unctad.org | UN commission meets to tackle rapid technological change
UN commission meets to tackle rapid technological change
10 mai 2018
UN-CSTD
Great minds from governments, academia and business gather to probe the social and economic benefits of scientific progress for people living in developing countries.


With rapid advances in science, technology and innovation revolutionizing industries and changing societies, the 21st session of the United Nations Commission on Science and Technology for Development (CSTD) gathers government ministers, leading scientists and innovators on 14–18 May to discuss how best to harness technological progress to improve lives and achieve the Sustainable Development Goals.

“Together we can work towards finding solutions to some of the ethical and governance issues that have arisen across various technologies,” UNCTAD Secretary-General Mukhisa Kituyi said.

“All stakeholders in development must do more to ensure that change does not become fate, that the bounty of technology is widely shared, that this time progress makes the planet cleaner, healthier and wealthier for generations to come.”

UN-CSTD

Distinguished scholars

The weeklong event kicks off with a meeting of two great minds – Nobel Prize winning chemist Professor Jacques Dubochet and Sir Roger Penrose, the renowned mathematician and physicist. The distinguished scholars will discuss recent trends in science and their implications for the future of the world.

The event, taking place from 11:00 AM CET on 14 May in Room XVII of the Palais des Nations, Geneva, and moderated by CNBC Europe journalist Didi Akinyuelure, will be livestreamed on Facebook (@UNCTAD).

Later on 14 May, at 15:00 PM CET, the impact of rapid technological change on the achievement of the Sustainable Development Goals will be discussed by an eminent panel including:

  • Viktor Mayer-Schönberger, Professor of Internet Governance and Regulation, University of Oxford

  • Danielle R. Wood, Assistant Professor, Space Enabled Research Group, MIT Media Lab

  • Musa Mhlanga, Principal Researcher, Council for Scientific and Industrial Research, South Africa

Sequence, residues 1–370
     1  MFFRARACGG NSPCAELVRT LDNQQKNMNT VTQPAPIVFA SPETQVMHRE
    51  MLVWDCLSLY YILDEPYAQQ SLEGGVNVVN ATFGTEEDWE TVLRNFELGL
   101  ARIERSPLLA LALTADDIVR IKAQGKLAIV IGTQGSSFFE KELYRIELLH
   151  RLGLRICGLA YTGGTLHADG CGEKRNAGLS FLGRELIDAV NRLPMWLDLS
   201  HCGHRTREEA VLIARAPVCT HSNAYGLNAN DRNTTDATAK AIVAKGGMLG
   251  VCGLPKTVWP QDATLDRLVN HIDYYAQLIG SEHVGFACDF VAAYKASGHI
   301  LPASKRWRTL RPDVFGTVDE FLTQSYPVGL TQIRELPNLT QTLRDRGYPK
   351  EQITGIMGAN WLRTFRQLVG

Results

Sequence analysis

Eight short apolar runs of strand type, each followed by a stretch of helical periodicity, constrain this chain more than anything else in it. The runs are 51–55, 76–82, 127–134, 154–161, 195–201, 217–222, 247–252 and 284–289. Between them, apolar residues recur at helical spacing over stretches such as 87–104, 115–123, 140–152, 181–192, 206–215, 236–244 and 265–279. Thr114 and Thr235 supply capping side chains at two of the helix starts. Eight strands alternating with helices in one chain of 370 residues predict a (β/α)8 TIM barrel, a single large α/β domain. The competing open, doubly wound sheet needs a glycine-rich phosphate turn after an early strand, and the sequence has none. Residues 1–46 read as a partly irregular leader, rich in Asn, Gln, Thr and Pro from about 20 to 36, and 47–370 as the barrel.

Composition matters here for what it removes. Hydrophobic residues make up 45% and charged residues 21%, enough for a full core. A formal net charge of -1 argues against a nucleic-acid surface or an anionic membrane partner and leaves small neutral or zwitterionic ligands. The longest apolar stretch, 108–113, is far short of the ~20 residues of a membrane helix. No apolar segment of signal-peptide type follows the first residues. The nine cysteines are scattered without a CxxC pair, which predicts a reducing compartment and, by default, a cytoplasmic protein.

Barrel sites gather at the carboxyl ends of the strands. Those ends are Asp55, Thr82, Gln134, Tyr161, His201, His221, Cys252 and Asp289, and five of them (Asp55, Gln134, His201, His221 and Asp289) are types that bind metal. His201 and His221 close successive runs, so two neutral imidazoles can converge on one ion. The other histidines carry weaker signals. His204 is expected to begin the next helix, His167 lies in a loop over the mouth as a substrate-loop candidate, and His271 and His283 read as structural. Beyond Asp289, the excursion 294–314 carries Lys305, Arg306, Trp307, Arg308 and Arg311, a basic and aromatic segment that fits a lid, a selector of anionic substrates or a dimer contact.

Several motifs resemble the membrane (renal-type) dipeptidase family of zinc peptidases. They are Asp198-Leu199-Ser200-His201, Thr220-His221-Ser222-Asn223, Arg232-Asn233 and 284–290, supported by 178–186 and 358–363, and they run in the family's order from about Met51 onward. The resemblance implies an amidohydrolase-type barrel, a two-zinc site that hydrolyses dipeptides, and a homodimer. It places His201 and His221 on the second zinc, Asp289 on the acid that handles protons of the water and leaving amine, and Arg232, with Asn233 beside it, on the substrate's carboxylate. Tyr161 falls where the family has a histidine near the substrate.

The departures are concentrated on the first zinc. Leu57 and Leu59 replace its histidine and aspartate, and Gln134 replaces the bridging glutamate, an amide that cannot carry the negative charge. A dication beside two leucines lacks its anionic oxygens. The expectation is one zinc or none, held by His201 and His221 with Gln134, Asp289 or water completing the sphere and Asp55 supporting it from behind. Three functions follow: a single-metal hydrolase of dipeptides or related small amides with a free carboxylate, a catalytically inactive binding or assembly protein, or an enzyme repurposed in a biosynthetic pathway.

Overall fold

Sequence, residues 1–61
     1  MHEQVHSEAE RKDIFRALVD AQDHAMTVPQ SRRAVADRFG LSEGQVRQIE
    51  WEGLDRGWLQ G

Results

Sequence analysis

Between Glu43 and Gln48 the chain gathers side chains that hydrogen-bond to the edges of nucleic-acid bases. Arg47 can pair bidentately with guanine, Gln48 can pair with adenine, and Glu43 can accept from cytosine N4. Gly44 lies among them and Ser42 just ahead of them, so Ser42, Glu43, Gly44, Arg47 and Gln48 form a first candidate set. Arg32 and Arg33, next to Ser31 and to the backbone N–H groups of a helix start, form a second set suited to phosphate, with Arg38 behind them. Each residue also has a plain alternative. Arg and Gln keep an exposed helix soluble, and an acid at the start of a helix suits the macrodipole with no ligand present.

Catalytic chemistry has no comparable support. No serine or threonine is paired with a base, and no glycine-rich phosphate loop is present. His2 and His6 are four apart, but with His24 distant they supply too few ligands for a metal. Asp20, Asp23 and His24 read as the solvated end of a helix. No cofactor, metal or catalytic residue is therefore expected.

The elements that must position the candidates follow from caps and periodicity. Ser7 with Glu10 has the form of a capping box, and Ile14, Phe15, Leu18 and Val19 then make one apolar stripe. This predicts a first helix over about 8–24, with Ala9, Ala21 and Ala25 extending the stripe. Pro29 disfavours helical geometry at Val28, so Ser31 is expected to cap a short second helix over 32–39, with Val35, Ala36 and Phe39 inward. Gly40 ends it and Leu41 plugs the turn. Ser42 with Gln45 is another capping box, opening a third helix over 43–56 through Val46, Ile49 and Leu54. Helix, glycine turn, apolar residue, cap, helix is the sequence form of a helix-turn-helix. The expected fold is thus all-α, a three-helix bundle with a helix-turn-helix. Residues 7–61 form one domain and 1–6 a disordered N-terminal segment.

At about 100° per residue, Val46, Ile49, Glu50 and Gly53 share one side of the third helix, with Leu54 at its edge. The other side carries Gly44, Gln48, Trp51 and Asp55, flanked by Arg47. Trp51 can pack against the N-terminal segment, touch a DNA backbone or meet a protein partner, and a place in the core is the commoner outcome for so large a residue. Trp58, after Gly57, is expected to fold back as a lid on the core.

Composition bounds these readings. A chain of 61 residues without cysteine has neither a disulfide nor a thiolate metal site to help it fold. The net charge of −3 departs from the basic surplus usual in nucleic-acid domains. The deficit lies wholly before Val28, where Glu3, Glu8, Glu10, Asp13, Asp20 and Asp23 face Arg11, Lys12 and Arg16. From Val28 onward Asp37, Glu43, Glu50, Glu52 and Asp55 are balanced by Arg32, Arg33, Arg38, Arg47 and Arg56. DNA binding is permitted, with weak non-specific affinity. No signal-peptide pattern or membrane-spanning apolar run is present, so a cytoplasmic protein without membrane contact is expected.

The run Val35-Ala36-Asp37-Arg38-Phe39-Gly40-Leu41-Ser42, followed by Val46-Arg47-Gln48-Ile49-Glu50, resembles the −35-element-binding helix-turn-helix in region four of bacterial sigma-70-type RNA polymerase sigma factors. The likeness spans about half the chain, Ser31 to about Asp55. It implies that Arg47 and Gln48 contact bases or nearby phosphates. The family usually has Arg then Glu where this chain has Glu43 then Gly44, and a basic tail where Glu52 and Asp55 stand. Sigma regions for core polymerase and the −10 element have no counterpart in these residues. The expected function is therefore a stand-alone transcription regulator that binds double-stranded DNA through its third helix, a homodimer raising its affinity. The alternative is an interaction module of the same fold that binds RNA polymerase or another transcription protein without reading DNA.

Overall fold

• Ilkka Turunen, Special Government Advisor in the Ministry of Education and Culture, Finland

This event, moderated by Andrew Revkin, former New York Times writer and Strategic Advisor for Environmental and Science Journalism for the National Geographic Society, will also be livestreamed.

Topics raised will include how to build digital skills to benefit from technological advances – with a specific focus on women and young people – and using innovation to increase the share of renewable energy.

Difficult divides

In the next 10 years between up to 375 million workers may need to re-skill themselves for new jobs in the wake of widespread automation. Estimates suggest that by 2020 more than 85% of jobs will require information and communication technology skills.

Multiple divides make this difficult: just one in three young people in the least developed countries (LDCs) has access to the internet, while the share of women in the LDCs using the internet is 33% less than men.

Innovative approaches will be needed to close such digital divides across countries and genders and build digital competencies.

Countries are choosing different approaches to ready their workforce: some are integrating digital competencies alongside reading and mathematics in their basic education curricula, while others focus on aligning their tertiary education with new technologies to make them relevant to future jobs.

Technology-mediated learning opportunities, such as massive open online courses (MOOCs), can enable lifelong learning possibilities to cope with the disruptions from technological change, allowing people to acquire new knowledge or even complete entire degrees online.

Clean, modern energy

The CSTD will also investigate policies to increase the share of renewable energy substantially by 2030, which is part of Sustainable Development Goal 7 on access to clean, modern energy.

Achieving this goal is not an end in itself but as a means to improve outcomes in poverty, health, education and employment all of which require access to modern energy services.

Globally 1.1 billion people have no access to electricity, of which 85% live in rural areas. Additionally, 2.8 billion people do not use clean forms of energy for cooking, which has adverse effects on health, particularly women’s health, on society and on the environment.

The CSTD will debate system-wide approaches, such as those advocated by UNCTAD in its most recent LDC Report, that prioritize the productive use of energy toward economic structural transformation, thereby enabling the achievement of many other Sustainable Development Goals.

Meeting of minds

The 21st session will also include an update on the progress made in the implementation of the outcomes of the World Summit on the Information Society (WSIS), and first insights from Science, Technology and Innovation Policy Reviews, undertaken by UNCTAD, of Ethiopia and Uganda.

The United Nations CSTD is the main platform in the UN system that addresses science and technology questions in the context of development.

Representatives from national governments, private sector, academia, civil society and regional and international agencies come together to discuss recent developments in science and innovation with a focus on their policy relevance for development.



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